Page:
Yet Purim is more than a day of rowdy gluttony. It also dictates acts of generosity and community: “Make them days of feasting and gladness and of mishloah manot (sending portions of food) one to another, and matanot l’evyonim (gifts to the poor).” We embrace the confusion and moral ambiguity of Purim with a renewed commitment to social transformation, responding to the mess of life by giving our family and friends sweet gifts and by giving generously to the poor. In other words, the only way to make sense of the absurd randomness of life and the social order is to honor the loving relationships that sustain us and work to address the imbalance of fortunes that leaves some with abundance and others with nothing. Mishloah manot and matanot l’evyonim come to reinforce that while we cannot control the world, we can control the way we live in it.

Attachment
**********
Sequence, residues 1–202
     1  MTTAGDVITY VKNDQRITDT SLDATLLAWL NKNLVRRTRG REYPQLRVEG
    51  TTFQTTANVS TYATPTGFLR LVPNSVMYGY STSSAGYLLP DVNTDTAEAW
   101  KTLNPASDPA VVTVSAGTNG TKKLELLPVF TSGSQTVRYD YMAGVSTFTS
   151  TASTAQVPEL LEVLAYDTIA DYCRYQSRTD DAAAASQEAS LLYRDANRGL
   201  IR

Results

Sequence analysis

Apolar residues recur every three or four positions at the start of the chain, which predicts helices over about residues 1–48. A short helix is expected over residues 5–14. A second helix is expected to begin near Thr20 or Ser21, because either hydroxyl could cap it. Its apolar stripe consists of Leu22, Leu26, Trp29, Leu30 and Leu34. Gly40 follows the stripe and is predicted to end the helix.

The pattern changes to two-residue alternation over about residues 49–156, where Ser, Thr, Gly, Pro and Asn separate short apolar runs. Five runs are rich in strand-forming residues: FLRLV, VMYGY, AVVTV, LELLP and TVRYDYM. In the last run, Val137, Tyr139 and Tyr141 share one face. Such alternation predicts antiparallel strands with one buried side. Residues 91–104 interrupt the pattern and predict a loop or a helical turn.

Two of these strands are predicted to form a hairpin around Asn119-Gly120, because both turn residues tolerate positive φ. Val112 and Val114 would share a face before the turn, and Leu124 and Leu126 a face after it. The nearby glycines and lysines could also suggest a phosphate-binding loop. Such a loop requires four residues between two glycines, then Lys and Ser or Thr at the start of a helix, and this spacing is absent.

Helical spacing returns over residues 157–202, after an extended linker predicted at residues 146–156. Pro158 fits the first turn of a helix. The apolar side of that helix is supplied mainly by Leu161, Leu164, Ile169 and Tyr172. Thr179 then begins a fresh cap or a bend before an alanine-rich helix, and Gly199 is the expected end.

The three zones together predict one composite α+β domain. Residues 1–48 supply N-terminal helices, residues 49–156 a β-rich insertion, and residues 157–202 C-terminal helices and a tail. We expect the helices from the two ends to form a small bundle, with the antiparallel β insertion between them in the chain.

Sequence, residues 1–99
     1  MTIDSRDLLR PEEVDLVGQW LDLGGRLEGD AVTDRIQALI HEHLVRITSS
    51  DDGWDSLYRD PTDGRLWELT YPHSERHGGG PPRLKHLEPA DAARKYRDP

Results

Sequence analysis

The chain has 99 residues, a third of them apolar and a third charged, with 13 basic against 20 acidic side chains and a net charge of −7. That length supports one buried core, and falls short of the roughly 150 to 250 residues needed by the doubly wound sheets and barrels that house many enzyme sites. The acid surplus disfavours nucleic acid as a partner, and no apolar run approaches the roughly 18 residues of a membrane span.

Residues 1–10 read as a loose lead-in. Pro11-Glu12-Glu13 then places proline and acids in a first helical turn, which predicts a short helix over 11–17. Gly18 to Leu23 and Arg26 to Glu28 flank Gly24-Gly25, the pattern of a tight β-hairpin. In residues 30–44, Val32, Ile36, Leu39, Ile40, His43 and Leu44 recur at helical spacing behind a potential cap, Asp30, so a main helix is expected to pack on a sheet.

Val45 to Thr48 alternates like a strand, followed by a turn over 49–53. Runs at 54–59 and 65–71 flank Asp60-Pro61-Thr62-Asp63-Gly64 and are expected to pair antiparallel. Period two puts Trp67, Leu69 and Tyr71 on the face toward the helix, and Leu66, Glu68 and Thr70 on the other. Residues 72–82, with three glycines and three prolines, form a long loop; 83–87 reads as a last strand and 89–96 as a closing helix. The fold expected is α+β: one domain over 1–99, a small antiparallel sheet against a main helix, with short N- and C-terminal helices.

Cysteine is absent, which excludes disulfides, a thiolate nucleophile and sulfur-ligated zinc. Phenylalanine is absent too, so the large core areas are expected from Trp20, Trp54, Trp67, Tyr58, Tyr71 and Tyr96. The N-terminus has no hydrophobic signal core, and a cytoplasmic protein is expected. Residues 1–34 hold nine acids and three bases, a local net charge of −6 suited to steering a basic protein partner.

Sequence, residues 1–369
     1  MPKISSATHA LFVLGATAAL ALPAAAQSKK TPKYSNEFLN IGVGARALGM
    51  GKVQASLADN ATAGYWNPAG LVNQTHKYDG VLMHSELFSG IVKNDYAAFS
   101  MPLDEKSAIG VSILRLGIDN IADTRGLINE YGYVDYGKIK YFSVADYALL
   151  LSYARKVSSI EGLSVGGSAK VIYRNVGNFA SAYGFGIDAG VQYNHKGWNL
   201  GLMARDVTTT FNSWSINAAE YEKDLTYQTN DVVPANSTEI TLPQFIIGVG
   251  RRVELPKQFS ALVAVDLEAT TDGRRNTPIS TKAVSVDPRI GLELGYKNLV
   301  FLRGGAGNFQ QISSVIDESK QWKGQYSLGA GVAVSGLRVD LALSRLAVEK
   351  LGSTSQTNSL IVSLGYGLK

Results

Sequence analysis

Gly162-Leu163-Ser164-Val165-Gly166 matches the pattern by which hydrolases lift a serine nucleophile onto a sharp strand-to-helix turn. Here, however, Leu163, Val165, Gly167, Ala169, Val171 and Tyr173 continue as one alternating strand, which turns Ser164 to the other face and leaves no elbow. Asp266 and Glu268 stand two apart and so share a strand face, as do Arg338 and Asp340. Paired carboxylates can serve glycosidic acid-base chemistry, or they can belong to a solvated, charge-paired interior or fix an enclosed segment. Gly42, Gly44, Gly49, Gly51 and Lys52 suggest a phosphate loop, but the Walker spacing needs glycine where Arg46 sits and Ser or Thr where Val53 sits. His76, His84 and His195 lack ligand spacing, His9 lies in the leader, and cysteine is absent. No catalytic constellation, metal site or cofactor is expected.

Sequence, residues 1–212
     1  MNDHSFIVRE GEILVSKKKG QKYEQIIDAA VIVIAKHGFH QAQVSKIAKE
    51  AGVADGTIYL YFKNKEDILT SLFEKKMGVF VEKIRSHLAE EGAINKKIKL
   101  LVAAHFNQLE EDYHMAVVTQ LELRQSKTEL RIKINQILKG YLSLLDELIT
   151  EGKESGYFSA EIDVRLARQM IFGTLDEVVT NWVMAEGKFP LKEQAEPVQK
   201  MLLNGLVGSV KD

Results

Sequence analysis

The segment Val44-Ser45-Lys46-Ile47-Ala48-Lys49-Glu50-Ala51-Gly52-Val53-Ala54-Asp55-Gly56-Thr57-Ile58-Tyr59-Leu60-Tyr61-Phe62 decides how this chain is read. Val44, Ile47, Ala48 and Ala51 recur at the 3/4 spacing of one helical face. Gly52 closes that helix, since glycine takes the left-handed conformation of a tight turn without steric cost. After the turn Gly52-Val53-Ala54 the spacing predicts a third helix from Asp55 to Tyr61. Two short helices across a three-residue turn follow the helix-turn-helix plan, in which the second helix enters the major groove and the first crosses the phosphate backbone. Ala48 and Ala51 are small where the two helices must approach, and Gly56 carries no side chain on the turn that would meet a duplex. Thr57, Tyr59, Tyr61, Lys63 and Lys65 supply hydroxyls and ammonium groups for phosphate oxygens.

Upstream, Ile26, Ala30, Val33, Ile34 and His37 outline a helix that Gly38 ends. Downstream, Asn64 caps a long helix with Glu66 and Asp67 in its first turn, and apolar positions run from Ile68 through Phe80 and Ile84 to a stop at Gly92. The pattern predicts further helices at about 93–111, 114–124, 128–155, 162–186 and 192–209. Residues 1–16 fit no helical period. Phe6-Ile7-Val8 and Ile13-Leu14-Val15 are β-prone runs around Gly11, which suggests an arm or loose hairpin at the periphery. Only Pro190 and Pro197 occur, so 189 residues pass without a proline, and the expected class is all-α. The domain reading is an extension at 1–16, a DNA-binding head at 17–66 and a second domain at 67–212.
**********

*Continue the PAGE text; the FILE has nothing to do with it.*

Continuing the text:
Remarkably, we learn regarding matanot l’evyonim that, “We [should not be] exceedingly precautious with money on Purim. Rather, we give to everyone who puts out a hand.” Today is not the day for discernment or judgment. Give, regardless of what you fear he might do with the money. Give, not because you have determined that she deserves, but because she has asked.
This mitzvah acknowledges our lack of control over our destinies: Give generously today, for tomorrow it could be you begging for a little spare change. Give because you know in your heart that it is only an accident of history that you are here and the poor are there. Give because it would be intellectually and morally corrupt to tell the story of our people’s miraculous triumph, to celebrate history’s reversibility, without sharing our bounty with those who sit now on the other side of fortune.